MIAMI - It's no surprise that this year's Ultra Music Festival will have superstar DJs unleashing electronic beats from their computers and turntables for gyrating dancers. But the Killers? A rock band headlining a dance-music festival?
A lineup usually dominated by electronic artists such as Paul van Dyk and Paul Oakenfold now includes what organizers call "alternative bands with dance culture influences," such as the Killers, co-headliner the Prodigy and Canadian synthesizer-based combo Hot Hot Heat.
As indie rock crosses over into dance music, Ultra is evolving to embrace those artists and their fans, said Russell Faibisch, who co-founded the festival that takes over Miami's Bicentennial Park on March 25.
"The Prodigy is one of the few bands, if not the only band, to bridge that gap between dance music and cool, grungy rock and roll," Faibisch said. "The Killers, they're not a dance band per se, but they do have a lot of dance elements."
Ultra exploded from a beachside gathering eight years ago to a 13-hour festival expected to draw 50,000 people. An "after-party" at the American Airlines Arena, where the Miami Heat play, keeps the music going until 5 a.m. the next morning.
That's still only a sampling of the beats pulsing nonstop from downtown clubs and hotels and poolsides on Miami Beach during the five-day Winter Music Conference.
The festival, with hundreds of artists performing on 14 stages, has become the musical anchor for the annual conference, an industry networking event that draws DJs worldwide to its technology demonstrations, remixing workshops and business seminars.
DJs descend on Miami in late winter each year to debut new material and play around with older songs.
"It's kind of like remixing, rearranging a track live, influenced by the audience and the vibe in the venue," said German dance star Paul van Dyk, who will be performing in his eighth Ultra festival.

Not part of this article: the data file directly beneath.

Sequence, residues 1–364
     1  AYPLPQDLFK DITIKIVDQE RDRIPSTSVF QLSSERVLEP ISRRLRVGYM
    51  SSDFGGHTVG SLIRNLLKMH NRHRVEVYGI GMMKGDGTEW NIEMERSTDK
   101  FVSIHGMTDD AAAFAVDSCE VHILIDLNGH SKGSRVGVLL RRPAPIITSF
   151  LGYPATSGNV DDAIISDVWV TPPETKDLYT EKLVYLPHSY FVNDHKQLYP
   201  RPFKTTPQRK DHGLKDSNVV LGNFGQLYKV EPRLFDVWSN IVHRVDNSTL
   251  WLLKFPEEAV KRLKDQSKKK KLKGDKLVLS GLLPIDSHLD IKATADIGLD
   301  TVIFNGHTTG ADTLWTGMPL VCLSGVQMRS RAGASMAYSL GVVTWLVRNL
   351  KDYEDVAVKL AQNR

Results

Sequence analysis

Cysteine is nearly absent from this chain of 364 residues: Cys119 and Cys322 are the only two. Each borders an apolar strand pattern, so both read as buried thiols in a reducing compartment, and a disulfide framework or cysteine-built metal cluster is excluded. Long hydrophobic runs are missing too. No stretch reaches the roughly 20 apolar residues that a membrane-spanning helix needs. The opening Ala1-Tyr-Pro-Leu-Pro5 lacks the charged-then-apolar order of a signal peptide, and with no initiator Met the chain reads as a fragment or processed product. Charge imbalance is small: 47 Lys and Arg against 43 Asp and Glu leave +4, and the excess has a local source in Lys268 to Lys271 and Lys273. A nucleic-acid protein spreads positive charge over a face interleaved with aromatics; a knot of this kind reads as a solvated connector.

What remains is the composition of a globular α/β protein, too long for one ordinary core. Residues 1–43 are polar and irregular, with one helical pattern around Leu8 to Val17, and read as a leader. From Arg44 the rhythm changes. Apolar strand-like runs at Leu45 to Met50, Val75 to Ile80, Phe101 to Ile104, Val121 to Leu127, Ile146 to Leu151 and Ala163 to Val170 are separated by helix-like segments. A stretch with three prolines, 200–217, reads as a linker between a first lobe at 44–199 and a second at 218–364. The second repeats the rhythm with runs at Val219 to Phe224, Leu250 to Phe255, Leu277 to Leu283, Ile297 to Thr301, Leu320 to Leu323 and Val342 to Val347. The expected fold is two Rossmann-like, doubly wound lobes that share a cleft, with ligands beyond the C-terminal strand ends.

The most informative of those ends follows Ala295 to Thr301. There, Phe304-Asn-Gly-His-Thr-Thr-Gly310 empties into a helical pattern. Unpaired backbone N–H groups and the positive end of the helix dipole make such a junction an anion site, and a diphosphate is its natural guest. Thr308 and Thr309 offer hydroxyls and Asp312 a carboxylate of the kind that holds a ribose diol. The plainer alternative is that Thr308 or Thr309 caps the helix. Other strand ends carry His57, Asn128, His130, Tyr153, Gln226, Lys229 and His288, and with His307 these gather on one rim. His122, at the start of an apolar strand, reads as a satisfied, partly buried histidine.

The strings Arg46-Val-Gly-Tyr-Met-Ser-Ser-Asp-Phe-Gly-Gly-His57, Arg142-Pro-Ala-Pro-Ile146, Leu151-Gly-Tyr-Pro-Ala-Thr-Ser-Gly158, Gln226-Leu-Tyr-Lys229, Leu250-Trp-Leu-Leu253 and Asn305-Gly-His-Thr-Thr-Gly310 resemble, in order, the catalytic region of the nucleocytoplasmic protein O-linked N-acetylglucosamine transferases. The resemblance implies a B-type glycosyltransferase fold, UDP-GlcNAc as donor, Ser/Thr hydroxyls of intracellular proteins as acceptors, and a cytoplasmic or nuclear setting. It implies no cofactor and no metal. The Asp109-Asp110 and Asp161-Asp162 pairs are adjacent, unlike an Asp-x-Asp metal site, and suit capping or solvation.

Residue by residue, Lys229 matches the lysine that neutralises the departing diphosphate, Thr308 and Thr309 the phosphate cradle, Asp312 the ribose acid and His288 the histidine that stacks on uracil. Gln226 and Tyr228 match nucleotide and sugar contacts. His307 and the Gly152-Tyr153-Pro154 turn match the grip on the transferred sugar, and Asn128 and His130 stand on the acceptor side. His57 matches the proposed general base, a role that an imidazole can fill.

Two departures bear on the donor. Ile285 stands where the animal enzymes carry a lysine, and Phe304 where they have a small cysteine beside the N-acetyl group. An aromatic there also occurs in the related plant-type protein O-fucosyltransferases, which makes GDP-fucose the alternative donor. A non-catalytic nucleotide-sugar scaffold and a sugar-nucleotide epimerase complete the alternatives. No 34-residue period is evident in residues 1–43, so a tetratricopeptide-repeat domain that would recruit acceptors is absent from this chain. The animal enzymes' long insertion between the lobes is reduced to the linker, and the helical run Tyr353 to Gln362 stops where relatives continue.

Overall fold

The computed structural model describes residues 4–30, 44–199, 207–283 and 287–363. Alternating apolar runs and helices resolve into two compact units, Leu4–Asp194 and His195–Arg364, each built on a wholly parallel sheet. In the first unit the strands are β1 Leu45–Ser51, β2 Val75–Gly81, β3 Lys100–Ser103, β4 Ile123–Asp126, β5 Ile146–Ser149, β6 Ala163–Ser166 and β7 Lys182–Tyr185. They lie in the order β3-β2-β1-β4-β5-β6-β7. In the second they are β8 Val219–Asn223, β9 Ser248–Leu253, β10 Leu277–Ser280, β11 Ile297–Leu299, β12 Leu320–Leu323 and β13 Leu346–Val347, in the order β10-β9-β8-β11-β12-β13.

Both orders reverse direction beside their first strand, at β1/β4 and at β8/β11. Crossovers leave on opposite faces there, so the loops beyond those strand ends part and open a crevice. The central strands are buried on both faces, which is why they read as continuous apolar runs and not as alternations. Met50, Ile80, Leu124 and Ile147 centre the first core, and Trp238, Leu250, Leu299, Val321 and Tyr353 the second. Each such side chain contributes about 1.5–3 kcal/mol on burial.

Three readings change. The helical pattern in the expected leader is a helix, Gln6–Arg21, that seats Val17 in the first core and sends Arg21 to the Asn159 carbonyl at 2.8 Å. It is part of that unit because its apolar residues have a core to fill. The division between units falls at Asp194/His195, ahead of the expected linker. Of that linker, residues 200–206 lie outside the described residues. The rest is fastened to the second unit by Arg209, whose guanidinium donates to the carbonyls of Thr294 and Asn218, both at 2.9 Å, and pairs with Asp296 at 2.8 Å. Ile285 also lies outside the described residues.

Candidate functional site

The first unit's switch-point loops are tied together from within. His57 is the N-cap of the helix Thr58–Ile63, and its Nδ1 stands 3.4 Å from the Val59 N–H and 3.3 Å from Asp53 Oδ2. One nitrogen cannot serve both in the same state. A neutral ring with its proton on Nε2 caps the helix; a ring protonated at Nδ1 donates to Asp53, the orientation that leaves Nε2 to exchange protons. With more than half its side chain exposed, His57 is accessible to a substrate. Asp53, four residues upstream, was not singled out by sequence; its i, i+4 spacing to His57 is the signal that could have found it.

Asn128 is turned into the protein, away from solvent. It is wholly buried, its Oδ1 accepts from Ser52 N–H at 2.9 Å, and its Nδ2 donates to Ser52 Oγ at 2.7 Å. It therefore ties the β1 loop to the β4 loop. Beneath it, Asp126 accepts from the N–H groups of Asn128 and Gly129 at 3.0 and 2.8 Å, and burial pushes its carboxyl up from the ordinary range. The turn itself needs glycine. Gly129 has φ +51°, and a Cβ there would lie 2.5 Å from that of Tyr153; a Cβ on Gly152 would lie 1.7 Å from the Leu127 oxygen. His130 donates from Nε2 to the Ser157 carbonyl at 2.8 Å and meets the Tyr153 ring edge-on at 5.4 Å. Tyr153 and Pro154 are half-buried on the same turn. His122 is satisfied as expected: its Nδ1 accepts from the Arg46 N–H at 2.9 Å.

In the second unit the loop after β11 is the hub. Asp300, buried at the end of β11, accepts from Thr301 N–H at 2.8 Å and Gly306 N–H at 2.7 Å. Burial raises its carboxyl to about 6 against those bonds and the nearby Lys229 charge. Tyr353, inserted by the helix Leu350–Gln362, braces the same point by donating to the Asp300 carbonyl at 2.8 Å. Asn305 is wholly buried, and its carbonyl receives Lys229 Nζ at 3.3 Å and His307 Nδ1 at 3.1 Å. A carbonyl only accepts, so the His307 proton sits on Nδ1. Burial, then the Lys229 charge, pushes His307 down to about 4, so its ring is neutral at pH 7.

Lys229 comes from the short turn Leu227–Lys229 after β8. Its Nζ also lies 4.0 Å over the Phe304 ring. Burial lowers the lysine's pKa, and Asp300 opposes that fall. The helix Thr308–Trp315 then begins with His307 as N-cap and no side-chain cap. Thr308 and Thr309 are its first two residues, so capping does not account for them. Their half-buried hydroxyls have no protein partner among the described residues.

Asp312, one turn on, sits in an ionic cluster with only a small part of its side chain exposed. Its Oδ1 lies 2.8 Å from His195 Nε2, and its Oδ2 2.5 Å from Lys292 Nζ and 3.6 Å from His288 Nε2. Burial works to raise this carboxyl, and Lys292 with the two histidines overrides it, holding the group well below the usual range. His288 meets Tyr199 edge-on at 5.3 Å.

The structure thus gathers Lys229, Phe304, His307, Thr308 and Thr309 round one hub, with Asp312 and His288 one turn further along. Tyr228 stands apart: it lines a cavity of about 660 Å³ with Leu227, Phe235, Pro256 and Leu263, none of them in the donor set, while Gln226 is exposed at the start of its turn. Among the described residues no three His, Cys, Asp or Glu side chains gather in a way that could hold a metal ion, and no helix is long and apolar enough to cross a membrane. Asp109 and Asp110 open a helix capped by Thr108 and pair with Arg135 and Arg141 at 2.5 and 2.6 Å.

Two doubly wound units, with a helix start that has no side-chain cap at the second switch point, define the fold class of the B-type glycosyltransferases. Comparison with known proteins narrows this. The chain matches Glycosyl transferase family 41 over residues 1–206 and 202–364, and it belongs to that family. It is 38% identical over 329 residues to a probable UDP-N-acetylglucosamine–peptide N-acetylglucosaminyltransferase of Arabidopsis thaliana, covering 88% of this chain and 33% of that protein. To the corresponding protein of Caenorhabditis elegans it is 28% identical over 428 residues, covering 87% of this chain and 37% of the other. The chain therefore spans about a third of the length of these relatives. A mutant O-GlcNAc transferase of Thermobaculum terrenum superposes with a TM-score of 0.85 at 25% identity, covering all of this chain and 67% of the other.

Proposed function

Ultra has always been known for its dance music, blended onstage on computers or scratched out on turntables. The festival's shift to rock this year shows how much electronica is pulling other genres into its mix, said Jamie Keogh, director of the Scratch DJ Academy in South Beach.
"It's a monumental thing for electronic music, showing all kinds of music because ... now there are DJs that are mashing up everything," said Keogh, who will be teaching turntablism at a scratch-instruction booth at the festival.
"The DJ's the star, but now he's got dancers, backup singers, guitarists. It's taking this art form in a whole new direction," Keogh said.
Some see the bands in this year's Ultra lineup as a reprieve from 13 straight hours of house and techno.
"I think it's good to have a band that can relieve people of the same sound all night," said Liam Howlett of the Prodigy.
The DJs are crucial to the dance scene, but it's the music that moves the audience, not the technology.
"Just because it's a guitar, doesn't mean it's rock," Howlett said. "There should be more live influence. That doesn't mean making it more rock influence, it means making it more live."
Electronic music has room for rock bands, van Dyk said. "Electronic music was always about breaking the boundaries on the technological side as well as the musical side," he said. "It's a very tolerant scene, no one is getting pushed away."
In addition to van Dyk, Oakenfold, Hot Hot Heat, the Killers and the Prodigy, Ultra's notable acts include: Hard-Fi, Perry Ferrell, Danny Tenaglia, DJ Rap, Grooverider, DJ Keoki, Richie Hawtin and Peter Hook of New Order.
(Anyone going? ... Or not going?)